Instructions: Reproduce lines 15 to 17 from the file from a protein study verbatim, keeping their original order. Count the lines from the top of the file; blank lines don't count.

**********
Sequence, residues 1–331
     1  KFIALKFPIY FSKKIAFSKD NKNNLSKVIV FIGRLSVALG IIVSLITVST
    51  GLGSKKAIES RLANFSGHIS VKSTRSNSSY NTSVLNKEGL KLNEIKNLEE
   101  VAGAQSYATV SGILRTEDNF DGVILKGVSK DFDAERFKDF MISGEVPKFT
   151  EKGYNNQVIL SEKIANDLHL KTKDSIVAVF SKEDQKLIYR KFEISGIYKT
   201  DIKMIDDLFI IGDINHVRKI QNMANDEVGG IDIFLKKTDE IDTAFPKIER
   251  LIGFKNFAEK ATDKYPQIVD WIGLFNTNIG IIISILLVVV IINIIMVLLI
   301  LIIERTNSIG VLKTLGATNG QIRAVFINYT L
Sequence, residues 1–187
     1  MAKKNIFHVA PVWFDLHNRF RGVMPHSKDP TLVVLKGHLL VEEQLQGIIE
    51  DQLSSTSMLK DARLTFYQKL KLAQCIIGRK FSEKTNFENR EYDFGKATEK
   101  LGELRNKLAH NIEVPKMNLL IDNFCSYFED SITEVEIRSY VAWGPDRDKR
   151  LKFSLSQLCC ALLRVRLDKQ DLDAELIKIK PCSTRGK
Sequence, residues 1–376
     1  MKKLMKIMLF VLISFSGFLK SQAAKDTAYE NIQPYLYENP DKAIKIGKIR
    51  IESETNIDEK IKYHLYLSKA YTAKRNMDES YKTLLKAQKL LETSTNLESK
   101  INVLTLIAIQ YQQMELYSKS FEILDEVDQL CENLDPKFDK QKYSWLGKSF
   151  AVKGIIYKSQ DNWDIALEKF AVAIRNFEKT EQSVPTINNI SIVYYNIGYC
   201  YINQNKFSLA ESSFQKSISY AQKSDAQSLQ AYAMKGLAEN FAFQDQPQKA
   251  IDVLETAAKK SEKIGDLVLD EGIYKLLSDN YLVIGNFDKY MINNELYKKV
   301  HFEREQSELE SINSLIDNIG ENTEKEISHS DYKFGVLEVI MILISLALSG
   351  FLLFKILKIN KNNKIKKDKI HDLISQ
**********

     1  MKKLMKIMLF VLISFSGFLK SQAAKDTAYE NIQPYLYENP DKAIKIGKIR
    51  IESETNIDEK IKYHLYLSKA YTAKRNMDES YKTLLKAQKL LETSTNLESK
   101  INVLTLIAIQ YQQMELYSKS FEILDEVDQL CENLDPKFDK QKYSWLGKSF